How to help employees learn new skills amid a crisis

Despite years of warnings, the skills gap is on the rise — not just in the United States, but around the world. The PwC Talent Trends 2019 report found that 79 percent of CEOs worldwide “are concerned that a lack of essential skills in their workforce is threatening the future growth of their organization,” compared to 53 percent in 2012.

The Society for Human Resource Management, in a survey of 20,000 U.S.-based members, found (pdf) that the skills shortage is “a top concern that needs to be addressed.” Three-quarters of HR professionals who are having difficulty recruiting “say there is a shortage of skills in candidates for job openings.”

As Laurent Probst and Christian Scharff, partners with PwC Luxembourg, have reported in s+b, upskilling is crucial. The drive to build new skills for a new world, to expand the capabilities of existing employees, “can take place at the level of a company, an industry, or a community.”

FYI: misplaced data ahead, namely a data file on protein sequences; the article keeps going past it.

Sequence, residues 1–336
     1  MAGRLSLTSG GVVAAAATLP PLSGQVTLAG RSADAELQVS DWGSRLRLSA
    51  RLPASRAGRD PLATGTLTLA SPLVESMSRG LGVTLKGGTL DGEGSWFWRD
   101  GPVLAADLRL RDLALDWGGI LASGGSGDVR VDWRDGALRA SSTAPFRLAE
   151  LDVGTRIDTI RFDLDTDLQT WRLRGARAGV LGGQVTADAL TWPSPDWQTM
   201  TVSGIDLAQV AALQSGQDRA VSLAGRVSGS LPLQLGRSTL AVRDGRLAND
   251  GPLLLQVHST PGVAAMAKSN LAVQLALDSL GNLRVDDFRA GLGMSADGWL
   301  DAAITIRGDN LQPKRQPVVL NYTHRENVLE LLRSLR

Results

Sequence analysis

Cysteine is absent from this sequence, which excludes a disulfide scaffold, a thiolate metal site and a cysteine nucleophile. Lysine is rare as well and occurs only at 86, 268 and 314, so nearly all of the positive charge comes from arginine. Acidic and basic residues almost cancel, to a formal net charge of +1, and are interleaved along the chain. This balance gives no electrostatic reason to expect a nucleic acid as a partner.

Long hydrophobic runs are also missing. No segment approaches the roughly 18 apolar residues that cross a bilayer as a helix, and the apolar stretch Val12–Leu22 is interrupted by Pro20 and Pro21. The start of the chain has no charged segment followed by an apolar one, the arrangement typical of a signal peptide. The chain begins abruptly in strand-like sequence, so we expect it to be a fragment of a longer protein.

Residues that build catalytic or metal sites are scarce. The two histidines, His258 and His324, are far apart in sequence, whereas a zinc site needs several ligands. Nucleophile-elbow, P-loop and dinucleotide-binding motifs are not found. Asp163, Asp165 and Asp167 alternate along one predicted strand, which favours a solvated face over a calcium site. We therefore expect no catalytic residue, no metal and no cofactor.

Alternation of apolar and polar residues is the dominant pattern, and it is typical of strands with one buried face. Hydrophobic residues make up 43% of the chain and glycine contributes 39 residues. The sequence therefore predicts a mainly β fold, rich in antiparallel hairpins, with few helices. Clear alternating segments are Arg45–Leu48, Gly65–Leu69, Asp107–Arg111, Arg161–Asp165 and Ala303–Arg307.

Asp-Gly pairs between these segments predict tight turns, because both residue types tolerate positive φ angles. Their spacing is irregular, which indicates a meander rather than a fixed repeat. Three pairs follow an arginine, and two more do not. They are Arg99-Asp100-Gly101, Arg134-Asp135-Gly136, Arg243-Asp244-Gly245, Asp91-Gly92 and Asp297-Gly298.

In our work, we’ve found that even the most well-intentioned upskilling programs are often hampered by a challenge many executives are unprepared for: motivating employees to learn. It seems an unlikely problem — which is why it often catches business leaders by surprise. After all, millions of employees want to learn on the job. In a Gallup survey, 59 percent of millennials, as well as 44 percent of gen Xers and 41 percent of baby boomers, said opportunities to learn and grow are extremely important to them when considering a job.

But there’s a difference between wanting to learn and making it happen. And numerous factors can sap a worker’s motivation to develop new skills.

Bror Saxberg, vice president of learning science at the Chan Zuckerberg Initiative, says four central factors prevent workers from being motivated to learn: They don’t value what they’re learning or how they’re learning it, they don’t believe they can master the skills, they blame environmental circumstances (“I just don’t have time to learn”), and they struggle with negative emotional states that distract them from learning.